Another project Ravina worked on aimed to help farmers achieve a sustainable income, especially women. The project was a collaboration between Laterite and the Alliance for a Green Revolution in Africa (AGRA), an institution committed to increasing income and food security for smallholder households, as well as Tanager, an international non-profit working with supply chains to create economic and social opportunities. Laterite evaluated AGRA’s village-based advisor program, which sets up self-employed farmers in Tanzania to share their knowledge of good agronomic practices with their local communities to improve revenue. Laterite analyzed the cultural constraints that impact women and prevent them from engaging in as much income-generating activity as men. The report also demonstrates the limitations of the village-based advisor program and offers recommendations for improving entrepreneurship and supporting engagement in different forms of income-generating activity depending on a farmer’s living situation.

While Ravina’s work has greatly supported those in the agricultural sector, Rushika has had no less of an impact on Africa through her work. One of her first jobs was in the education sector with the African Leadership University in Mauritius and Rwanda, where the ethos of creating positive impact on the continent is fully embraced and promoted by making tertiary education accessible to all and focusing on a skills-based curriculum for workforce readiness. Following this, she moved to the payments industry and worked as Chief Strategy Officer for Selcom, a payment services provider in Tanzania aimed at helping businesses to scale up by representing and promoting Mastercard’s payment products as one of their first fintech enablers in East Africa. At Selcom, Rushika expanded their team from 3 to 85 people and created four departments to drive the progress. In 2023, she began her first company, Recroot Africa, while pursuing her MBA at Hult International Business School in London and Dubai. Through her work in human resources and talent management at Recroot alone, Rushika has prioritized the placement of over 100 executives in employed positions, with a focus now on bridging the gap between recent graduates and the job market through active skills development programs—beginning from the stage of apprenticeship programs. She is particularly motivated to help more women obtain jobs, especially in the tech industry, and ensure that the complete Tanzanian workforce is equally viewed as being globally competitive

“Unfortunately, when I see my pipeline, we have fewer women who apply within the positions, or even apply to be part of our database, so I’ve had to do a lot of work to change that. I’ve had to organize sessions to create their support ecosystem and personalized sessions to prepare women to speak more confidently in interviews, but we have very few women in general who are able to remain through the programs sustainably due to various societal circumstances in the long-run,” she explains.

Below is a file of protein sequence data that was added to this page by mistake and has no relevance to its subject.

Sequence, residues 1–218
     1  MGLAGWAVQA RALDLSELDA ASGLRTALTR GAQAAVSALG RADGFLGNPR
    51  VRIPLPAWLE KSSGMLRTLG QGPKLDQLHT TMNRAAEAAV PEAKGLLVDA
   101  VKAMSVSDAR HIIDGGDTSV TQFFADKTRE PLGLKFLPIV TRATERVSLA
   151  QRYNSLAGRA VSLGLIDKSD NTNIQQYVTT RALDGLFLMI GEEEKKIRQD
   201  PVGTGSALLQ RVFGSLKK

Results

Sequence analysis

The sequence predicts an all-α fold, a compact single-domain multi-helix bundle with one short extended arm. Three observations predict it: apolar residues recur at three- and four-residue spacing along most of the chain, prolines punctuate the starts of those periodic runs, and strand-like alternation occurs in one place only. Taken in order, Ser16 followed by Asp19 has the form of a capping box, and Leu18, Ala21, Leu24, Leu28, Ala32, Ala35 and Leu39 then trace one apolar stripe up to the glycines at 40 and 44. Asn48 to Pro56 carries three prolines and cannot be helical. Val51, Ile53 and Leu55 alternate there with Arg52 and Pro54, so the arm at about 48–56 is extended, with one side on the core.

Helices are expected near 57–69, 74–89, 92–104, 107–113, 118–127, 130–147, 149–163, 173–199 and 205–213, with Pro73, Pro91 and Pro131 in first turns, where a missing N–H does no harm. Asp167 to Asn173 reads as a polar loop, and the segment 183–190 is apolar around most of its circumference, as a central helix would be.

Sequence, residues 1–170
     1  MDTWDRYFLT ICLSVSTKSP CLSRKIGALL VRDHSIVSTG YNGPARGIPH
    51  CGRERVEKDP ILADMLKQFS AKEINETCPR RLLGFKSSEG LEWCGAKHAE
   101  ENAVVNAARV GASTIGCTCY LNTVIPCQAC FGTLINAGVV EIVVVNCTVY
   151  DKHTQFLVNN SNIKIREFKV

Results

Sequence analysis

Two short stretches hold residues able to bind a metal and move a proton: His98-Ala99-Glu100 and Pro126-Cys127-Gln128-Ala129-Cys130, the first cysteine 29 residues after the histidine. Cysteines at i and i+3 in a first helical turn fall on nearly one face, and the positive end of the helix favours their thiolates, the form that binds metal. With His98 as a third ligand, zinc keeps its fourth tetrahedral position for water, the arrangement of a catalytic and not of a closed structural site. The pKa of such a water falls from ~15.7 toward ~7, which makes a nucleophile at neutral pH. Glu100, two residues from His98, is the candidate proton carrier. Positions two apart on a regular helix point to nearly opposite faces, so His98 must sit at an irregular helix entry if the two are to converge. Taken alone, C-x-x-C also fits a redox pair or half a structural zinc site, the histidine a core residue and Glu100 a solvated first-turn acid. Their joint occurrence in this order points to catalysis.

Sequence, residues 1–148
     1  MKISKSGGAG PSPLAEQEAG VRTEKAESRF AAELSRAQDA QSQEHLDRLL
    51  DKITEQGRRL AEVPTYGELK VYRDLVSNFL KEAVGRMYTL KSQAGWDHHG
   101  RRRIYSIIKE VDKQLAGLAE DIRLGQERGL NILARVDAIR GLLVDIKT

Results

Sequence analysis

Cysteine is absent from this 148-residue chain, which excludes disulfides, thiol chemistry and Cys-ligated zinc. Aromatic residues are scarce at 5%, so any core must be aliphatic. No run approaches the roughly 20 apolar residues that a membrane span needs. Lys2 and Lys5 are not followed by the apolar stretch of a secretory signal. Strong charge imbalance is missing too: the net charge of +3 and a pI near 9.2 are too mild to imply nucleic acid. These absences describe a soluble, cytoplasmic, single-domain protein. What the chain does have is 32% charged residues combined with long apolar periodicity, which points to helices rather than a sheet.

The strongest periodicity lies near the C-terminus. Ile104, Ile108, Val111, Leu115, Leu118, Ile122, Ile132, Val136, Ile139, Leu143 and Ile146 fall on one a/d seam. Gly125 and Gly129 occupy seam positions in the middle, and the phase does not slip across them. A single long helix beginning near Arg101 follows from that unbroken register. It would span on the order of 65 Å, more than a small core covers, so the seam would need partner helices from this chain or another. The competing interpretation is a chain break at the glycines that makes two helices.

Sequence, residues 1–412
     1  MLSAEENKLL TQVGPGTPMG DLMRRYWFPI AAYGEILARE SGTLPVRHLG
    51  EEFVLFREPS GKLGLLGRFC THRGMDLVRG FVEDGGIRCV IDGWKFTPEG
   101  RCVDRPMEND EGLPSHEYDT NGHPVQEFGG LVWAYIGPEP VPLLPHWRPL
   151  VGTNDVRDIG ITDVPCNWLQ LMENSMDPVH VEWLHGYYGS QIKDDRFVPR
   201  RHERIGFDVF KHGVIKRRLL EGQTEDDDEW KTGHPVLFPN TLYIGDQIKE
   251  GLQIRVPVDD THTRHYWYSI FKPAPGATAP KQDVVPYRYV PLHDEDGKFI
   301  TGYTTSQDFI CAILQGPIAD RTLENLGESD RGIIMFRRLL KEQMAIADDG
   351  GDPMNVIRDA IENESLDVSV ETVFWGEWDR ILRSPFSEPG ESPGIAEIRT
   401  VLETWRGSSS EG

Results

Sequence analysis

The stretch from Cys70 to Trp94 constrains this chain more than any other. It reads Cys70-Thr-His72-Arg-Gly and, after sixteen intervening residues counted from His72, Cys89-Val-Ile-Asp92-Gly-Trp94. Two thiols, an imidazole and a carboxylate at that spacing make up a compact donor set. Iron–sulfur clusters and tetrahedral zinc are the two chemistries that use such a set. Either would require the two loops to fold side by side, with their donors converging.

Due to the nature of her niche executive search work, she’s had to be an active player still in the ecosystem by contributing positively to at an institutional and systemic level. Therefore, Rushika regularly participates in panels and training programs on the side to help others learn to begin their own startups in Africa with the right talent. Since 2022 she has served as a startup executive coach at the International Trade Center, and now she has also extended her services from just providing guidance on human capital to helping bridge the gap between access to working capital and financial institutions through her second company, Switch Africa. She wanted to find a bridge between her passion for skills development at African Leadership University and her expertise in payments from working at Selcom. Her aim is to be able to consolidate the people and capital problem through one platform so that thriving small- and medium-sized enterprises and family businesses can overcome these challenges for more scale.

 Rushika facilitating for the Tanzanian government working with the National Council  for Technical and Vocational Education Tanzania (NACTVET).

(Shown above: Rushika facilitating for the Tanzanian government with the National Council for Technical and Vocational Education Tanzania.)

Photos generously provided by Ravina and Rushika Pattni.

[1] Best practice endline survey report: Uganda coffee farm college cohort 2018, February 2021, page 12.

A coffee farm in Ethiopia.

A coffee farm in Ethiopia.

A coffee processing mill in Ethiopia.

A coffee processing mill in Ethiopia.

Farmers on a coffee farm in Ethiopia.

Farmers working on the coffee farm in Ethiopia.

Workers on a coffee farm in Ethiopia.

Tending to the crop on an Ethiopian coffee farm.

Rushika leading a workshop on technical skills and placement rates with a panel of three people.

Rushika Pattni leading a workshop on technical skills and placement rates.

Rushika Pattni leading a workshop.

Rushika presents to a room full of young talent.